His father was Dear Leader, his younger half-brother brother is now the Great Successor, and he, apparently, is the Great Nuthin. Kim Jong Nam, the eldest son of Kim Jong Il, North Korea’s longtime dictator who died in December, is believed to spend much of his time in the casinos of Macau, a Chinese territory.
Kim Jong Nam also apparently has been talking at length to a Japanese journalist for a book due out in Japan on January 20, according to the Japan Times.
The newspaper quotes an editor at the publisher Bungei Shunju as saying that Kim Jong Nam will offer his own frank account of Kim Jong Il. Among the highlights, the publisher says, is the revelation that Kim Jong Il wasn’t happy about handing over power to any of his sons.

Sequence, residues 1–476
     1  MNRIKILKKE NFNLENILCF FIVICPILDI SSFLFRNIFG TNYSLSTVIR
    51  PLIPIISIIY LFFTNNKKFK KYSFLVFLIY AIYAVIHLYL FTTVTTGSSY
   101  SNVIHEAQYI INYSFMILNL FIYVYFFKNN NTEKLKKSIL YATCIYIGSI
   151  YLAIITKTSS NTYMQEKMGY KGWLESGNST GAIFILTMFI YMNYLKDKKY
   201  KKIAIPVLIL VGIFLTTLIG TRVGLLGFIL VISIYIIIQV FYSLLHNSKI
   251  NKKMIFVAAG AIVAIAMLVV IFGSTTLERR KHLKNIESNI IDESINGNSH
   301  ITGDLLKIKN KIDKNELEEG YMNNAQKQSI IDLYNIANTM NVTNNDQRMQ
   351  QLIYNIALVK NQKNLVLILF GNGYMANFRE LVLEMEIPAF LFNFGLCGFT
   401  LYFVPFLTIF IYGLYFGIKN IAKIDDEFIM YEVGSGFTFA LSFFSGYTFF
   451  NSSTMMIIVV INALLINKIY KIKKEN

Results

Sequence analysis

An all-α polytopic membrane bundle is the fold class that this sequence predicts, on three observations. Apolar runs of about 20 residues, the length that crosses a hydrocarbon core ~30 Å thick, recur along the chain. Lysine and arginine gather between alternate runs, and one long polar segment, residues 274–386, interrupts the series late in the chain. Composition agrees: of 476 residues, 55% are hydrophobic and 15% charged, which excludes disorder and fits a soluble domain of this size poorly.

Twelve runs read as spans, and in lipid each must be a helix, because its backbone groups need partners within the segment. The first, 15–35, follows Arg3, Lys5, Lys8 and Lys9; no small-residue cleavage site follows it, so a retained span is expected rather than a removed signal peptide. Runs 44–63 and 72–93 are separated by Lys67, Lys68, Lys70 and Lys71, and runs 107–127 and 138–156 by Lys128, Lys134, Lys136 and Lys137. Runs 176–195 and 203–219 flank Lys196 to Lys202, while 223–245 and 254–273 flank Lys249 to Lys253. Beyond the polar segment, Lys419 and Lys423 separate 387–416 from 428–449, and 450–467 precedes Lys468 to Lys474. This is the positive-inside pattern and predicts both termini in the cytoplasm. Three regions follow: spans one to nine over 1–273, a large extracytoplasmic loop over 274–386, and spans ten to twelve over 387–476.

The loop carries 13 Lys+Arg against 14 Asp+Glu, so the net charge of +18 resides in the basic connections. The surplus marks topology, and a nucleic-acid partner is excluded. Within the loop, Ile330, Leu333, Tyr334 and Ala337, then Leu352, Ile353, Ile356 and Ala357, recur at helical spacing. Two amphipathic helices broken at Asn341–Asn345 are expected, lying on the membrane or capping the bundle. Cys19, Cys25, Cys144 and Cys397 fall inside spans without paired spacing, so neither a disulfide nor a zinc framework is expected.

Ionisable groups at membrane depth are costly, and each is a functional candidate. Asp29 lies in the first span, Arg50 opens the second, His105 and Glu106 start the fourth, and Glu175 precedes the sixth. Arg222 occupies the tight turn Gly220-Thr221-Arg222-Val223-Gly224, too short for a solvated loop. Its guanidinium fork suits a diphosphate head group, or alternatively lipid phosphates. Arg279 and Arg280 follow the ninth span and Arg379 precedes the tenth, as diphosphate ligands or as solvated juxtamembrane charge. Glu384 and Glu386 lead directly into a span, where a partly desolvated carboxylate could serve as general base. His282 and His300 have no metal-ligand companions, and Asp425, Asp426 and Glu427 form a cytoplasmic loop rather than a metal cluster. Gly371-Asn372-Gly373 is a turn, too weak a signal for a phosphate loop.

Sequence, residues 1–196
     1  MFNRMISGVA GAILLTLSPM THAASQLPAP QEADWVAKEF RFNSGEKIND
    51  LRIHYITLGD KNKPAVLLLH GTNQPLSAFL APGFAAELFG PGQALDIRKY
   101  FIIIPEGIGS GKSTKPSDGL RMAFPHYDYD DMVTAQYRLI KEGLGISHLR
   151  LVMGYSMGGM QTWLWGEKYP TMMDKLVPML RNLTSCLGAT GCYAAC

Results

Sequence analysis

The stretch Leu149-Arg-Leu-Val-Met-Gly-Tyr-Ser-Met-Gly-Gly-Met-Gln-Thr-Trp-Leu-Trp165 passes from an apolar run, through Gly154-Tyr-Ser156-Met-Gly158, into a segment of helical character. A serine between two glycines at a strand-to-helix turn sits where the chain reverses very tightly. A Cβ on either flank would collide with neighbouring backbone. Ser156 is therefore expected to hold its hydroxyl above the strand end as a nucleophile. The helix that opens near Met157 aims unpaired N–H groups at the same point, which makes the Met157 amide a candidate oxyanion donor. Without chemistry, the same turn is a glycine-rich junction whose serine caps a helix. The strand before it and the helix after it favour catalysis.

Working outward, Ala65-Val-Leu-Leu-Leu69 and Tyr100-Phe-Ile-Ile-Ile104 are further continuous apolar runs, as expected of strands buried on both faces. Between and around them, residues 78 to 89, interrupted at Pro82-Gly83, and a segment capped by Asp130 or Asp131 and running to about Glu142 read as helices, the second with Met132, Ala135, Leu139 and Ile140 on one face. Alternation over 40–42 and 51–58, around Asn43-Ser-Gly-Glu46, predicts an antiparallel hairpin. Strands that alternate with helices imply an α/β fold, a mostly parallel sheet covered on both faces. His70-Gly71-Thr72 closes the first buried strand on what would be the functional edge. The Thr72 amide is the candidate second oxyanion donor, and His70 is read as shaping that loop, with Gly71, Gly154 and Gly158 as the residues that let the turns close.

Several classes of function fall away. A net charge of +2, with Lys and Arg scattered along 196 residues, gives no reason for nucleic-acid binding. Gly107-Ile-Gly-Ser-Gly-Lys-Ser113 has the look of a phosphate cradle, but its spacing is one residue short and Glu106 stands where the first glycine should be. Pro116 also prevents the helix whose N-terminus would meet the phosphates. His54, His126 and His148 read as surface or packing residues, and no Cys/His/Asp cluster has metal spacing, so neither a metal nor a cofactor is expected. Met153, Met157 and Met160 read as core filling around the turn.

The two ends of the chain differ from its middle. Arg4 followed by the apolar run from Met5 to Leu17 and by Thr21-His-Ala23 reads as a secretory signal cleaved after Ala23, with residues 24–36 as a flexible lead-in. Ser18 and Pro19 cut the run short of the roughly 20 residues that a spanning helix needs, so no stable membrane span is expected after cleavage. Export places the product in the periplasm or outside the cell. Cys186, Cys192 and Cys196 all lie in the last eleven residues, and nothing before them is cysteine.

Kim Jong Il and his eldest son, it is believed, had a falling out some years ago and Kim Jong Nam has lived outside of North Korea for much of that time. Time magazine reports that Kim Jong Nam “was once thought to be favored to succeed his father,” before Kim Jong Un took over that role.
Britain’s Daily Mail reports that Kim Jong Un was rumored to have tried to assassinate his older brother in Macau in 2009.
In the book, Kim Jong Nam will discuss his opposition to hereditary succession and his belief that the current elite will continue to maintain power but use the young new leader as a government symbol.
But a quick check of the files shows that Kim Jong Nam has already publicly voiced his opposition to hereditary rule back in 2010 and early last year said that his father wasn’t keen about passing leadership onto his sons.
With so little information flowing out of North Korean sources, Kim Jong Nam’s book could be a gold mine. But based on the previews, the betting is that precious little will emerge even from those who truly have something to dish.